A Breathtaking Yoga Injury - Page #1

Author: Cassidy Foley, DO
Co Author #1: David H. Wang M.D. M.S.

Patient Presentation:
A previously healthy, 33-year old female presented with a one day history of difficulty breathing and sharp pain in her neck and anterior chest. The patient's symptoms began while performing a sirsasana headstand pose in a yoga class. She had performed many headstands in the past and she was able to hold this particular headstand pose even when she felt the onset of symptoms. After the pose, she described inhalation as more difficult for her than exhalation and inhalation was accompanied by sharp neck pain that radiated toward her anterior chest. The patient reported she could only breath shallowly. She admitted the respiratory symptoms, chest and neck pain were persistent for 24-hours before they improved. The patient did not go to the emergency department for a work-up of her complaint. She did not treat her pain at home. She found relief in breathing shallowly. Upon presentation to clinic, her respiratory symptoms had resolved and she had not performed any subsequent headstands. Case Photo #1

The patient denied experiencing similar symptoms in the past. She denied any recent or past neck trauma. She admitted to recent insidious onset of aching in her arms and legs. The bilateral upper limb soreness was predominately at night and was significant enough for her to seek chiropractic treatment. However, the symptoms did not abate with chiropractic treatment. The patient did not take medications, smoke or have allergies. She had a family history of maternal multiple sclerosis.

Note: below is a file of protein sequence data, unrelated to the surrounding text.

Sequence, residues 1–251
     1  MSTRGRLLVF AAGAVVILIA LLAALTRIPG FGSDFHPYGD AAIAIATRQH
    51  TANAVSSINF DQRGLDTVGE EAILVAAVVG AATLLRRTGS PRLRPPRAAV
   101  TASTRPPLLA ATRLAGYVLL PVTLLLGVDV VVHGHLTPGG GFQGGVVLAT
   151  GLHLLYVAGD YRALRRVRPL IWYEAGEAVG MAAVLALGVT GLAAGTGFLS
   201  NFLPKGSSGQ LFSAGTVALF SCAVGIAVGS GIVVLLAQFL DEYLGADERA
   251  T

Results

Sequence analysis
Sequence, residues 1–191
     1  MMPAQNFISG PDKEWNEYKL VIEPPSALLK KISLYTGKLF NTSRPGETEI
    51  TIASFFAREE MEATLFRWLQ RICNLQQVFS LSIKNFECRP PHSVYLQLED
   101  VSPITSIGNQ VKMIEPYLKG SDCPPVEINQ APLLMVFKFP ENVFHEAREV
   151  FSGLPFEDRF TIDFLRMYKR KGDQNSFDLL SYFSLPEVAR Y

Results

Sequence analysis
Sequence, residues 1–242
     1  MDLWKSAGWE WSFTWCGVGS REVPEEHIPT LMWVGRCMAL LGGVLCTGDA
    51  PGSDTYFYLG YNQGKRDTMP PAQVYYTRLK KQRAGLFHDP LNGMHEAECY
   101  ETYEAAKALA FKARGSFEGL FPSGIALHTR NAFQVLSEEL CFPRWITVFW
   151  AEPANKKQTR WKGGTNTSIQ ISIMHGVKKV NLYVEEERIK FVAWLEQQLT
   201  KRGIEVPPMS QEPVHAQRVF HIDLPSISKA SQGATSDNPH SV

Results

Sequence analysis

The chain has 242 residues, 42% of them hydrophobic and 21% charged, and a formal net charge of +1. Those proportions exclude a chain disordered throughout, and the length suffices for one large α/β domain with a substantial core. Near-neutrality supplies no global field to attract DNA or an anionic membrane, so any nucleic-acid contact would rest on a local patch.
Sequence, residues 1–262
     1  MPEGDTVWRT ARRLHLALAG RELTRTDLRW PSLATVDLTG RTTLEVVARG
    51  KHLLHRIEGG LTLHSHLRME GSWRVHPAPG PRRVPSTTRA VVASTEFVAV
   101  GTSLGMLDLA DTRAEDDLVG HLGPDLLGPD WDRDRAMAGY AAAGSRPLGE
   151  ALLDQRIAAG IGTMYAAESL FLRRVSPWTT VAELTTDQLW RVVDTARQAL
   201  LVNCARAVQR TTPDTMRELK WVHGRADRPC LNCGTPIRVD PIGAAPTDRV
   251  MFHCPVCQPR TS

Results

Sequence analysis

Physical Exam:
Physical exam revealed an appropriate, athletic female, in no apparent distress. Blood pressure was 92/60, height was 68 inches, weight 132 pounds and her body mass index was 20.1. There were no rashes found on her skin. Examination of the upper extremities revealed 2/4 reflexes at the biceps, triceps and brachioradialis bilaterally. Her strength was 5/5 for finger abduction and grip strength. Her pulses were 2 plus bilaterally. The patient was not tender to palpation of the spinous processes or muscles of the cervical spine. She had full range of motion in flexion, extension, rotation and sidebending and motion did not recreate her symptoms. Her sensory exam was normal with negative Spurlings compression test bilaterally.

Click here to continue. Challenge yourself by writing down a broad differential diagnosis before moving to the next slide.

NOTE: For more information, please contact the AMSSM, 4000 W. 114th Street, Suite 100, Leawood, KS 66211 (913) 327-1415.

© The American Medical Society for Sports Medicine
4000 W. 114th Street, Suite 100
Leawood, KS 66211
Phone: 913.327.1415

Website created by the computer geek